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ARS Home » Plains Area » Fargo, North Dakota » Edward T. Schafer Agricultural Research Center » Insect Genetics and Biochemistry Research » Research » Publications at this Location » Publication #318464

Research Project: INSECT CRYOPRESERVATION, DORMANCY, GENETICS AND BIOCHEMISTRY

Location: Insect Genetics and Biochemistry Research

Title: Transcriptional regulation of temperature stress response during development in the alfalfa leafcutting bee, Megachile rotundata

Author
item Nash, Sean - North Dakota State University
item Torson, Alex - North Dakota State University
item Bowsher, Julia - North Dakota State University
item Yocum, George
item Rinehart, Joseph - Joe

Submitted to: Meeting Abstract
Publication Type: Abstract Only
Publication Acceptance Date: 6/15/2015
Publication Date: N/A
Citation: N/A

Interpretive Summary: Insects can be significantly affected by temperature induced stress. While evidence of the physiological consequences of temperature stress is growing, very little is known about how insects respond at the genetic level to these stressors. The alfalfa leafcutting bee, Megachile rotundata, an emerging alternative pollinator, with its well-defined management protocols and molecular resources, presents a potent model for the study of temperature stress in insects. Standard rearing procedures involve M. rotunda being maintained at 6°C as prepupae and then brought up to 29°C for pupation and adult emergence. Because of M. rotudata’s role as a pollinator, those who manage them attempt to synchronize their emergence with flower bloom. If, because of unfavorable conditions, the peak flower bloom is delayed, the bees are placed into a low-temperature Static Temperature Regime (STR), known as interrupted development. This STR treatment results in increased mortality and flight defects in M. rotundata. However, when stored in a Fluctuating Temperature Regime (FTR), with daily pulses of 20°C, survival increases and developmental abnormalities are reduced. In this experiment, the expression of candidate transcripts, identified in a previous RNA-seq experiment, were assessed throughout the duration of the seven-day treatment, and compared between STR and FTR treatments using qPCR. We hypothesize that periodic increase in temperature during FTR may act to promote proper neurological development in M. rotundata.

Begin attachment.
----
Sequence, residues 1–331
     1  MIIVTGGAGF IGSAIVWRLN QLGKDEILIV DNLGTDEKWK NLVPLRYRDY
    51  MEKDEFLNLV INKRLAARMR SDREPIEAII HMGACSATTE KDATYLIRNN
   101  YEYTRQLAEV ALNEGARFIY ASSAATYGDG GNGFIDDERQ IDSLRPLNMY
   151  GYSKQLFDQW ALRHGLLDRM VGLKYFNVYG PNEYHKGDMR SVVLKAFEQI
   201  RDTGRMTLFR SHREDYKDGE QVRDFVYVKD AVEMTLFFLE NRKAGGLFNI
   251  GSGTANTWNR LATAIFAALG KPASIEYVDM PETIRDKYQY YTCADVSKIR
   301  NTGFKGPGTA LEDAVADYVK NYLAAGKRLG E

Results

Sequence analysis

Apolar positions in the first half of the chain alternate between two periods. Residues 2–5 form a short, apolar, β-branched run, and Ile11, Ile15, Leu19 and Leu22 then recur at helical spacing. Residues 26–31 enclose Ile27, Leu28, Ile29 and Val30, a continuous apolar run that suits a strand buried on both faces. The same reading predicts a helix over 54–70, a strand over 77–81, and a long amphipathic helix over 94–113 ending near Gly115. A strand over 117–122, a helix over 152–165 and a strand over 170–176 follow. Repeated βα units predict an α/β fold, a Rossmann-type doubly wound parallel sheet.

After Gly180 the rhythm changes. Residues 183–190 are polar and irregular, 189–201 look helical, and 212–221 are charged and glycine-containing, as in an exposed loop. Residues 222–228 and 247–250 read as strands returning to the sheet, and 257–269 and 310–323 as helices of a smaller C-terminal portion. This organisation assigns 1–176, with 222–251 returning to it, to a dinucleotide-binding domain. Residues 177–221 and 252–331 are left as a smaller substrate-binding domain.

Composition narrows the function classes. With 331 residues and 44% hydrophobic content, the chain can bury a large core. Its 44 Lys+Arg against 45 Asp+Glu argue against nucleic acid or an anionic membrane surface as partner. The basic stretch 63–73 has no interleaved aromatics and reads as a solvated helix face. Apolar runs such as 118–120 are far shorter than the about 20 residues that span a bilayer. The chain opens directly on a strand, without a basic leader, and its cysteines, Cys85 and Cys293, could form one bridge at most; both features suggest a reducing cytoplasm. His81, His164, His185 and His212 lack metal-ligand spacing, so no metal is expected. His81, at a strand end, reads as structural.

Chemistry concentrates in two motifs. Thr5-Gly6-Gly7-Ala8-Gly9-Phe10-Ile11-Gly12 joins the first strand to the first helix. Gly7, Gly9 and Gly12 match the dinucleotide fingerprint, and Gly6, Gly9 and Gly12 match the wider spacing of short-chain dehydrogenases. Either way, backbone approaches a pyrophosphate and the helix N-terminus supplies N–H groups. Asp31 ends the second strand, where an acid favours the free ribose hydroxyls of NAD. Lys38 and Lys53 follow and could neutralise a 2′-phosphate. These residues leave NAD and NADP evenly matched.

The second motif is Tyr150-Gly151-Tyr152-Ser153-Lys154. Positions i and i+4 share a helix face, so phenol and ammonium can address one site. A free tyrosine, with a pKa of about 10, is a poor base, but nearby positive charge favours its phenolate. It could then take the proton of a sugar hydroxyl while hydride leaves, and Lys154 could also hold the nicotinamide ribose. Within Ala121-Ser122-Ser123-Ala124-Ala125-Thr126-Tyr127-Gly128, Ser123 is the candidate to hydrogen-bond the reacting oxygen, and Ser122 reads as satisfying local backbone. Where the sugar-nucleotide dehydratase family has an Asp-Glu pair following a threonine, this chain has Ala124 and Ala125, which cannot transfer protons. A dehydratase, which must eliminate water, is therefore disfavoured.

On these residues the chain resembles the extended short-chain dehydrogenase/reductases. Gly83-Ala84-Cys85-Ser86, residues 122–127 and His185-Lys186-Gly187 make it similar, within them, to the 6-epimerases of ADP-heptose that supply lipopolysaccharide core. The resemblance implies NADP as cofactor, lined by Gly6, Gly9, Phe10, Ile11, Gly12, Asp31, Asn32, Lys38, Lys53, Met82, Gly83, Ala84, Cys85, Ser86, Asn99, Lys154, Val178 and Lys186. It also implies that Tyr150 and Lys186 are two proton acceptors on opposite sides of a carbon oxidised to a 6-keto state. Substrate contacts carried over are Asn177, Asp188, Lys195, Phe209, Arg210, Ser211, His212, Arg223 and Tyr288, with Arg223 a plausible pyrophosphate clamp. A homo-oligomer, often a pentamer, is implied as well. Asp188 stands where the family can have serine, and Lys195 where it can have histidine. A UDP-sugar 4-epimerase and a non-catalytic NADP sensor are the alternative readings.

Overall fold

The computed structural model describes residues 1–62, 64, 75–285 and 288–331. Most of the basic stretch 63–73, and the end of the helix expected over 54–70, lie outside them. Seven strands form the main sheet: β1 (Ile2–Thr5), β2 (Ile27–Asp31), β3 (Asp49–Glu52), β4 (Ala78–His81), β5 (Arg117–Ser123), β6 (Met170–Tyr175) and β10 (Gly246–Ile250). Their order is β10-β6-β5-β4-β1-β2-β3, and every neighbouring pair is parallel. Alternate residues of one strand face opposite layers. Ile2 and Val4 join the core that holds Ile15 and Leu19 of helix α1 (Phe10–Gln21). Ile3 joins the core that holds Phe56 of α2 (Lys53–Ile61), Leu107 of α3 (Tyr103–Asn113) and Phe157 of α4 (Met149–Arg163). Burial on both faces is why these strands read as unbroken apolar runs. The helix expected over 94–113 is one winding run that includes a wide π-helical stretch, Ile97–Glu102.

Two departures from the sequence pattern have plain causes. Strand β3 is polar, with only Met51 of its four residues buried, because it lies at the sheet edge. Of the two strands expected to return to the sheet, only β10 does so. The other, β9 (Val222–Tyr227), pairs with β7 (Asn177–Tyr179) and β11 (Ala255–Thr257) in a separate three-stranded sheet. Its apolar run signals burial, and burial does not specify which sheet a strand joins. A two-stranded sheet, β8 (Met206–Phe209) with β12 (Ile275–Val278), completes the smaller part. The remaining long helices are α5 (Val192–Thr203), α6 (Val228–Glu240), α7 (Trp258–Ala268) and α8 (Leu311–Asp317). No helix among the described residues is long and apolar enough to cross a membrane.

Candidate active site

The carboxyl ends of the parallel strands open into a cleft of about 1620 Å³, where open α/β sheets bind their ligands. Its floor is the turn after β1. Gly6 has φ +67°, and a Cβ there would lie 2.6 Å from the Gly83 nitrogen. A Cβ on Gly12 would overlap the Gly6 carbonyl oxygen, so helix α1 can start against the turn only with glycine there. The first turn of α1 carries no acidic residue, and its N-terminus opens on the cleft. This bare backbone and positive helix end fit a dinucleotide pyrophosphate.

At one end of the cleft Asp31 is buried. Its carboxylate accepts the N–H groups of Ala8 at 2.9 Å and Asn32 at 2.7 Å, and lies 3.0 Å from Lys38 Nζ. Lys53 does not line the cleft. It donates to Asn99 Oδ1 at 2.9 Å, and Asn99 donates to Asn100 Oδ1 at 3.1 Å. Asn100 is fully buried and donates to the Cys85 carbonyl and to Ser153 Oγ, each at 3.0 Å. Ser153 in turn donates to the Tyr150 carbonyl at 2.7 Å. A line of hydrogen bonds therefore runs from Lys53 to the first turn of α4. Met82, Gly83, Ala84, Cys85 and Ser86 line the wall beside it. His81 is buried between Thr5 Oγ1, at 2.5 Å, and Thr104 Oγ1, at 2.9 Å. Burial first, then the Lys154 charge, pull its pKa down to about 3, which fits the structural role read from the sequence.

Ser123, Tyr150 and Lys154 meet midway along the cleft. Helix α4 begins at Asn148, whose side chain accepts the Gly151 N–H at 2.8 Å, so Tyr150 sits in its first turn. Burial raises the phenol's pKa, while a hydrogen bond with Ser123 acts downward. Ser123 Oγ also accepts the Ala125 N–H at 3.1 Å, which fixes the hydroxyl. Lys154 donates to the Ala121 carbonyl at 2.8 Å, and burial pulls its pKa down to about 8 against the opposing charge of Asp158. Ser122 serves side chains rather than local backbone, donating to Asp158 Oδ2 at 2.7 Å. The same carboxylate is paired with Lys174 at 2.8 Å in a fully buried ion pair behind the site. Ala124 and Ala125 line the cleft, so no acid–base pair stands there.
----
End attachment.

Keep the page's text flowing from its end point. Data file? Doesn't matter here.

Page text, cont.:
Technical Abstract: Insects can be significantly affected by temperature induced stress. While evidence of the physiological consequences of temperature stress is growing, very little is known about how insects respond at the genetic level to these stressors. The alfalfa leafcutting bee, Megachile rotundata, an emerging alternative pollinator, with its well-defined management protocols and molecular resources, presents a potent model for the study of temperature stress in insects. Standard rearing procedures involve M. rotunda being maintained at 6°C as prepupae and then brought up to 29°C for pupation and adult emergence. Because of M. rotudata’s role as a pollinator, those who manage them attempt to synchronize their emergence with flower bloom. If, because of unfavorable conditions, the peak flower bloom is delayed, the bees are placed into a low-temperature Static Temperature Regime (STR), known as interrupted development. This STR treatment results in increased mortality and flight defects in M. rotundata. However, when stored in a Fluctuating Temperature Regime (FTR), with daily pulses of 20°C, survival increases and developmental abnormalities are reduced. In this experiment, the expression of candidate transcripts, identified in a previous RNA-seq experiment, were assessed throughout the duration of the seven-day treatment, and compared between STR and FTR treatments using qPCR. We hypothesize that periodic increase in temperature during FTR may act to promote proper neurological development in M. rotundata.